6. Use a fair mix of group and individual work, even if your are lecturing. There is no way around the fact that people learn better if they are involved in the teaching process, regardless of what style combination. To help you with this, we have collected a brief list of group and individual activity possibilities. Feel free to use these in any combination as you form the basic information in the teaching kits into specific lesson plans.

7. It is to your advantage to integrate activities from all aspects of learning styles into your presentation and into the learning process. Any larger group of people will invariably have a fair mix of different kinds of learners, so be prepared to tell and show, to tell and let them show, to show and let them tell, or to let them show and tell. Also give them something to listen to, to look at, and to do - sometimes all at once, sometimes separately. Any one individual can gain from crossing over to learning strategies or tendencies that are not habitual. This is where individual and group work can be effective and necessary.

REMEMBER: Traditional teaching is mostly auditory, with some visual accompaniment. Shelter those people who fall outside of these biases with well-rounded activities that include all aspects of learning.

III. Kinds of Group Activities

1. Tag Sessions: Students come up with questions about the lecture, reading, or work at hand. In group, they sit in a circle. Each person who asks a question calls on three students in the group to answer. Other students are free to jump in. If after three questions the student is satisfied, he or she can stop, and then the turn moves to the next student. If not satisfied, the student can continue to ask questions. Under no circumstances should the instuctor intrude. However, the teacher is free to roam about and take notes as a follow-up. Students will need time to become comfortable with this arrangement. Time limits for group sessions can vary.

2. Lecture: Pause every 10 minutes or so during a lecture, between blocks of meaning, and ask students to summarize the main points or to record a question. This provides a break and aids in retention and comprehension.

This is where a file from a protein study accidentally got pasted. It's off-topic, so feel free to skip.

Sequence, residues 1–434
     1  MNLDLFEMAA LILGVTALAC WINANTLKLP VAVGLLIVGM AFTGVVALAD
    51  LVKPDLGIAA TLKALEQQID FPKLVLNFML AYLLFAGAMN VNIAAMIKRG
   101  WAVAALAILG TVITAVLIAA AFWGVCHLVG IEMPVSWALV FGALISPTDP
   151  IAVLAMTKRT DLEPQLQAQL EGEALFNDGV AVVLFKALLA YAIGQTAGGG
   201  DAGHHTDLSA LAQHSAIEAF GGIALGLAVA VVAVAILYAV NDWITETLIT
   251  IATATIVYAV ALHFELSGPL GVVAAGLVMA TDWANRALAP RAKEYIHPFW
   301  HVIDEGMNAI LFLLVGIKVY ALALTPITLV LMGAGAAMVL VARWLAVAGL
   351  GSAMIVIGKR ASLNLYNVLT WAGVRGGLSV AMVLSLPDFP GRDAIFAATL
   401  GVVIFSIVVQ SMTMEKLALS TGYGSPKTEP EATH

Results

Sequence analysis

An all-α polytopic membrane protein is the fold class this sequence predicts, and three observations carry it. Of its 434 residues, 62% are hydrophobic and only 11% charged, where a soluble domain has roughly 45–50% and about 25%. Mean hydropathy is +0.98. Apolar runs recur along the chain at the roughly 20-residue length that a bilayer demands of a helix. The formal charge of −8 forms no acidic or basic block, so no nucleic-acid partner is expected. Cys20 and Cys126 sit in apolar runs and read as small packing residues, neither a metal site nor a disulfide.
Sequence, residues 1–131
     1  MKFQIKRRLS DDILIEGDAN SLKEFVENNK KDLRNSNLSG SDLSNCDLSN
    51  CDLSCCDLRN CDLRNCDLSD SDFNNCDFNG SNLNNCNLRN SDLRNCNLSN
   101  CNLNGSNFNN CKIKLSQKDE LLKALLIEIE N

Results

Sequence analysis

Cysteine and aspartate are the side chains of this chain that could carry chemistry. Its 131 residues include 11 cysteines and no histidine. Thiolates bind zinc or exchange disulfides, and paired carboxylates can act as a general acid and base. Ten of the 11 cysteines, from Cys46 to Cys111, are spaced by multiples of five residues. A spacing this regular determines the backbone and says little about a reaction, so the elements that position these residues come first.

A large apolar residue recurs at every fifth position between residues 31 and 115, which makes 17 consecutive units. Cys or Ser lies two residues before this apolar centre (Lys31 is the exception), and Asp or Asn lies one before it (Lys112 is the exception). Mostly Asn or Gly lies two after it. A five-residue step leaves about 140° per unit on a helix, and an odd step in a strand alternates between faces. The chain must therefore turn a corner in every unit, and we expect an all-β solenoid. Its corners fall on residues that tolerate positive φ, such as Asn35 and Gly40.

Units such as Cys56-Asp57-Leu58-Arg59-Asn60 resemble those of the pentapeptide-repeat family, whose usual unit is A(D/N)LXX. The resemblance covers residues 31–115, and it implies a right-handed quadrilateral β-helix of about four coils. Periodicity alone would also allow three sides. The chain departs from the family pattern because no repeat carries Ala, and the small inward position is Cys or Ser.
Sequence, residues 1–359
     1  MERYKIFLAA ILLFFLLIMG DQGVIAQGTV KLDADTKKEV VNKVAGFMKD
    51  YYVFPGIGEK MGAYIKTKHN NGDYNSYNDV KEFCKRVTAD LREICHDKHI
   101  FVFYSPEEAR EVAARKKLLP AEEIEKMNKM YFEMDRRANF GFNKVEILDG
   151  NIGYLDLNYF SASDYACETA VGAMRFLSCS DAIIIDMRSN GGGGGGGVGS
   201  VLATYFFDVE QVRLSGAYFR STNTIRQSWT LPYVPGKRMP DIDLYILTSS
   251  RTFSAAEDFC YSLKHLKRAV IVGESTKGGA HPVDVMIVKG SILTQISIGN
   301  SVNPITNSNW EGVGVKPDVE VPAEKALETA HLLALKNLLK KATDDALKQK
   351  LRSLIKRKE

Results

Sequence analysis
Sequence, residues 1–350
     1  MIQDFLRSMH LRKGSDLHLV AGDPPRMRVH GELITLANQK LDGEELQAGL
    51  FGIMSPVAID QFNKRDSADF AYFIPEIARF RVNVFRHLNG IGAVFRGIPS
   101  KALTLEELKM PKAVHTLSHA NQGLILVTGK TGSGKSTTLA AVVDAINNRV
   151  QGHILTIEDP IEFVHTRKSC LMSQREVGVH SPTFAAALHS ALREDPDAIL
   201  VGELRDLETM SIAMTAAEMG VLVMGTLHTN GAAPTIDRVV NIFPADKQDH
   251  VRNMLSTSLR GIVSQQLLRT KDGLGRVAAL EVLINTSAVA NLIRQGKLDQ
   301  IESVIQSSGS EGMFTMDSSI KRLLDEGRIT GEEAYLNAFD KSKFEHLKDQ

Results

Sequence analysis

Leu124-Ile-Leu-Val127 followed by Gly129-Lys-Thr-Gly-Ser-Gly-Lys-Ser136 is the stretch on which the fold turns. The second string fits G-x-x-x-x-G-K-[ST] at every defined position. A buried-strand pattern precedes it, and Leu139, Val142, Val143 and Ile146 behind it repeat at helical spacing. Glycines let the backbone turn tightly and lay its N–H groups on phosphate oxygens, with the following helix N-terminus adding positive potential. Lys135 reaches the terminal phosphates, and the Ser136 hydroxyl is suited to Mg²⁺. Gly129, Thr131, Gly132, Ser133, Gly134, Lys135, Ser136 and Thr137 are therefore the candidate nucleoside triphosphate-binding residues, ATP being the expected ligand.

3. Explain to.........: In groups have the students break the work down into subject areas and then select a target audience (for example a non-native speaker of English). They must then try to develop clear and coherent explanations of the subjects.

4. Planned Participation: The teacher either prepares and distributes questions one lesson period in advance or within a single lesson period, provides questions and a short period of time for the students to put together responses. This stimulates more complete and thoughtful answers.

5. Think/Pair/Share: This is similar to Planned Participation but is group directed. During a single lesson period, when a teacher asks a question, he or she allows the students to think and then turn to their neighbors to test out responses.

6. Single/Group/Single/Group: The teacher first asks students separately to answer questions or solve a problem and then has them form groups to compare solutions/answers. If further questions come up or if there is an impasse, the group returns to individuals and then reforms for group problem solving.

7. Group-to-Group Reporting: This can be used in conjunction with any kind of group activity. If a certain group is stuck or in need of additional input, they can visit other groups and team work for a brief period of time. This cross-group sharing can be formalized: there can be formal messengers sent or group work results can be displayed on a black board or poster board.